Does cuddling my cat count? If not, how about crossword puzzles? Is that super dorky? I really love crossword puzzles and word searches, but I also really enjoy baking (which is a different art from cooking and I stand by that) and my boyfriend and I love going to baseball games together. Aside from that I’m very boring and spend most of my time either reading or binge-watching beloved sitcoms.  

Follow the hilarious Kelly on Instagram.

Want to be featured on my blog? You don’t have to be a bookstagrammer! If you have a small business, podcast, or something creative that you want to share, please email me at kass.readsbooks@gmail.com!

Review: Shadow and Bone Trilogy

The Shadow and Bone trilogy by Leigh Bardugo has been on my TBR for some time now, so I was looking forward to picking up the first book, Shadow and Bone, a couple of months ago. I heard that the trilogy was different from the other fantasy books I was reading (think anything by Sarah J. Maas), so I was excited for a change of pace.

The Shadow and Bone trilogy is part of the Grishaverse, a Russian-inspired fantasy world filled with magic and small science. The Shadow and Bone trilogy is the beginning of the Grishaverse, followed by The Six of Crows duology and The King of Scars duology. And yes, I will be reading them all!

In Shadow and Bone (#1), you are introduced to the Grisha, the magical elite of Ravka, one of the countries in the Grishaverse. The Grisha are known as the Soldiers of the Second Army and they practice small science, manipulating matter for the purpose of battle and healing. There are the Corporalki (Heartrenders & Healers), the Ethereakli (Squallers, Inferni, & Tidemakers), and the Materialki (Durasts & Aklemi). There are also Sun Summoners, members of the Ethereakli who can summon and control sunlight. If you are reading this and scratching your head in confusion, don’t worry; this world is broken down very well in the books and at the beginning of each book. There are lots of intricate maps and a handy-dandy chart.

The books (written in first-person) center around Alina Starkov, who is afraid to cross the Shadow Fold — think a thick cover of unnatural darkness that is infested with dangerous creatures. Who wouldn’t be? When her regiment is attacked, Alina unleashes magic that reveals that she is a Sun Summoner. Alina then meets The Darkling, and before you shudder at the corny name like I did, hang tight. He is one of the best characters in the trilogy. The Darkling is a Shadow Summoner and is Second in Command in Ravka. He is feared by all. He is also *misunderstood* and *dreamy*. Think your “bad boy” character, but he is actually quite dangerous. These books can get very dark and graphic real quick (which I loved). After she realizes that The Darkling is corrupt and evil, Alina turns on him, and she goes out with a group of colorful characters to save her storyworld.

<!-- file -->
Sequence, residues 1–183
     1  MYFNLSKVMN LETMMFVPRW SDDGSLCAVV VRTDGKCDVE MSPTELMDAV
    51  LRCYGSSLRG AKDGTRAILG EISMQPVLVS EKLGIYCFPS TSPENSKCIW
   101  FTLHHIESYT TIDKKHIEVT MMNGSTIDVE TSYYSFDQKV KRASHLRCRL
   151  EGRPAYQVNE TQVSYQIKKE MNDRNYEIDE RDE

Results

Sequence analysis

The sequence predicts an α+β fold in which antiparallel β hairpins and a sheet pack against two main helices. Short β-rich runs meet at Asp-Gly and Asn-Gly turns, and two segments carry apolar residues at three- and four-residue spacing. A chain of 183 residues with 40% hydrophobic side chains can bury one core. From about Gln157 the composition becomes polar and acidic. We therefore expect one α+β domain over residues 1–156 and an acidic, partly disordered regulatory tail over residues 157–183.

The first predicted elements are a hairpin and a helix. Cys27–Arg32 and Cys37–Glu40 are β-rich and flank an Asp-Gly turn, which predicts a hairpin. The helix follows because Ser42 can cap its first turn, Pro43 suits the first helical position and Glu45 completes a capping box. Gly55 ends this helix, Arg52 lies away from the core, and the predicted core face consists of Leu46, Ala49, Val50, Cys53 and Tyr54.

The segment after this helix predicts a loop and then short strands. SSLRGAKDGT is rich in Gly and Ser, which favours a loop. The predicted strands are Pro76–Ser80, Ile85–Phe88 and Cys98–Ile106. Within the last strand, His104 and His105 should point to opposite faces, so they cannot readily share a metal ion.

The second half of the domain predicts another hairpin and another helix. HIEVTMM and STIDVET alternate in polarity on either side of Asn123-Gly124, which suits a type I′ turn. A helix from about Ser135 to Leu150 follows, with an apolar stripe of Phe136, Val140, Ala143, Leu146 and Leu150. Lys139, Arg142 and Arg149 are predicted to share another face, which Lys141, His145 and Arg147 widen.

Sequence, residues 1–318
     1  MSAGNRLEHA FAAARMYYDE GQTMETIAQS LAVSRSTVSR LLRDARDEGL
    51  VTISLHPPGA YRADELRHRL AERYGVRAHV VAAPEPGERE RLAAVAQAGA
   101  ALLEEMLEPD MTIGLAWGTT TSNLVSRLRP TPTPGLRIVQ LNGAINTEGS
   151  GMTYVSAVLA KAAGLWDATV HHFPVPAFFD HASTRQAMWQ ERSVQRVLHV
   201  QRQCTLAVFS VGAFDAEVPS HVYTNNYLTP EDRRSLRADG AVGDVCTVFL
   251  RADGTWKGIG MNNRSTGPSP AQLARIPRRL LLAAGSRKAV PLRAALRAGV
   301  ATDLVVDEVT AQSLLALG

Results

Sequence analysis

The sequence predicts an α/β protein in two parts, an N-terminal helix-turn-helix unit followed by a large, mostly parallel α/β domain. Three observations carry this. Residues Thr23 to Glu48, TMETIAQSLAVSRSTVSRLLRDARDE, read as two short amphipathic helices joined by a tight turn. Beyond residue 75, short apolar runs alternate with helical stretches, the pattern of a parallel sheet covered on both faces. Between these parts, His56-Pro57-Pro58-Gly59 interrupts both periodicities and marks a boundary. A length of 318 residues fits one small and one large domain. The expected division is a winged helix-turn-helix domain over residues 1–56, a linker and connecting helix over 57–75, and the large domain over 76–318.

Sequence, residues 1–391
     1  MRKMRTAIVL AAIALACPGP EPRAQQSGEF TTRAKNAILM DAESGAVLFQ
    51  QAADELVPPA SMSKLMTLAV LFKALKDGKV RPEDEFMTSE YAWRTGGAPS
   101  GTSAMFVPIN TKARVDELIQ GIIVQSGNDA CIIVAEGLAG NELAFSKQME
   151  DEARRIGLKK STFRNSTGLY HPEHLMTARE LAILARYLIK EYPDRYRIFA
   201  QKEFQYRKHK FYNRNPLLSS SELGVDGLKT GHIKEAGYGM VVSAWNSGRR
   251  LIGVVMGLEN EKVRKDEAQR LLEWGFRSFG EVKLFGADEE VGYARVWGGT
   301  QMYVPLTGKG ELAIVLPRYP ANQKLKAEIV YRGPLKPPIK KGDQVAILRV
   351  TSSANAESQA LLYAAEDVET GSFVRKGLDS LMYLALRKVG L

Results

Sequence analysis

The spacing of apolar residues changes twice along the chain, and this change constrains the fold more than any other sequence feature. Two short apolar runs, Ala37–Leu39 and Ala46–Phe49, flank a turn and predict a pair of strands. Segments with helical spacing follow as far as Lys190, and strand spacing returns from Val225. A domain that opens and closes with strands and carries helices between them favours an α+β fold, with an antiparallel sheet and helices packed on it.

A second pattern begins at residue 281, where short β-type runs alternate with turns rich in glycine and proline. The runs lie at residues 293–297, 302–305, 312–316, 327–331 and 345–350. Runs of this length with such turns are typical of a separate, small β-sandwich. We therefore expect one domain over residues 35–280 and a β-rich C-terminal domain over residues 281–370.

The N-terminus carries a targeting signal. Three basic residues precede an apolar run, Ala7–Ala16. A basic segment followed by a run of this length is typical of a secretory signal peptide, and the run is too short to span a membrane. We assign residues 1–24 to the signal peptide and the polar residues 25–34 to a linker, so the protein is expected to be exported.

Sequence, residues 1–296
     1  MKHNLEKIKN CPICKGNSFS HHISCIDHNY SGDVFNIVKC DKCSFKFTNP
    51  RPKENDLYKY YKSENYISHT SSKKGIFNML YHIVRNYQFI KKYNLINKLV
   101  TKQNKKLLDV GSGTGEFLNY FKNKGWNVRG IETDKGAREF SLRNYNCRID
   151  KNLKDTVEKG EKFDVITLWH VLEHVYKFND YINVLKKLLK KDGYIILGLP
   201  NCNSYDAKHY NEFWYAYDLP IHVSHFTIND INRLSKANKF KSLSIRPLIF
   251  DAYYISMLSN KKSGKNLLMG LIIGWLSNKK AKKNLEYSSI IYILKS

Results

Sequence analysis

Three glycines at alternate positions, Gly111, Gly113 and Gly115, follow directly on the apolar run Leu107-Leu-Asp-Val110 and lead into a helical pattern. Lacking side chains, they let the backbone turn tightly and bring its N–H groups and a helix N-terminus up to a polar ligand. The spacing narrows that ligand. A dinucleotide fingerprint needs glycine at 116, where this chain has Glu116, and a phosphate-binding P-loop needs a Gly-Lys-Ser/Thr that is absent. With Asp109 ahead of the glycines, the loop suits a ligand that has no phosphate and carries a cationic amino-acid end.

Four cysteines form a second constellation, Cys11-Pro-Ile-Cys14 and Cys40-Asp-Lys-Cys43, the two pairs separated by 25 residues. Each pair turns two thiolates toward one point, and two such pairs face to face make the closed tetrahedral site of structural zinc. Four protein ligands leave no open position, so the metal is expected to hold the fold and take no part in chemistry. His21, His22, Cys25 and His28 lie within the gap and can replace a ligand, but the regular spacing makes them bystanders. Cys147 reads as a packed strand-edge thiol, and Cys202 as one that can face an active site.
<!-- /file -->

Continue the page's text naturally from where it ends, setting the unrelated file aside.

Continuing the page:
I’m not too into breaking down what each book is about and giving spoilers, so I will just give you some likes/dislikes.

What I like the most about this trilogy is that each character is neither “good” nor “bad.” They are all grey characters, which makes the characters (and books) so much more interesting. Alina, especially, is a compelling heroine. She grows in power throughout the trilogy and struggles with wanting more. She sees The Darkling as an enemy, but the power he holds over her storyworld (and her) is alluring. She can’t get away from him, and she’s not sure if she wants to. I certainly wouldn’t.

One thing I loved about these books can be summed up with one name: Nikolai. Nikolai forever and ever. I loved him. Still love him. Bardugo did a wonderful job creating such a witty, colorful character that you won’t forget easily. Nikolai is definitely her first take at creating the colorful, witty characters that you will meet in Six of Crows (which happens to be one of my favorite books of 2021 so far), and he is the reason I kept reading.

While there are things I liked about this trilogy, there were many dislikes. First, the pacing was tough to follow throughout. Rhythmically, I struggled reading this trilogy. The first book was very fast-paced, but the second and third books dragged. While Siege and Storm was definitely my favorite because of the nautical elements and of course, Nikolai, Bardugo rushed through some of the climatic parts, making me wonder if the world-building and unnecessary dialogue/plot points could have been edited out to leave space for the good stuff. The third book, Ruin and Rising, was even slower, and I found myself struggling to finish the book.

Ruin and Rising fell flat, and it all has to do with the ending (which I will not spoil). A large portion of the book followed that classic epic travel trope — lots of traveling, lots of dialogue, lots of unnecessary stuff. But what left me more disappointed was the salient moments in this book (and arguably, the trilogy) were rushed. I felt cheated, because the story and the characters deserved a better ending.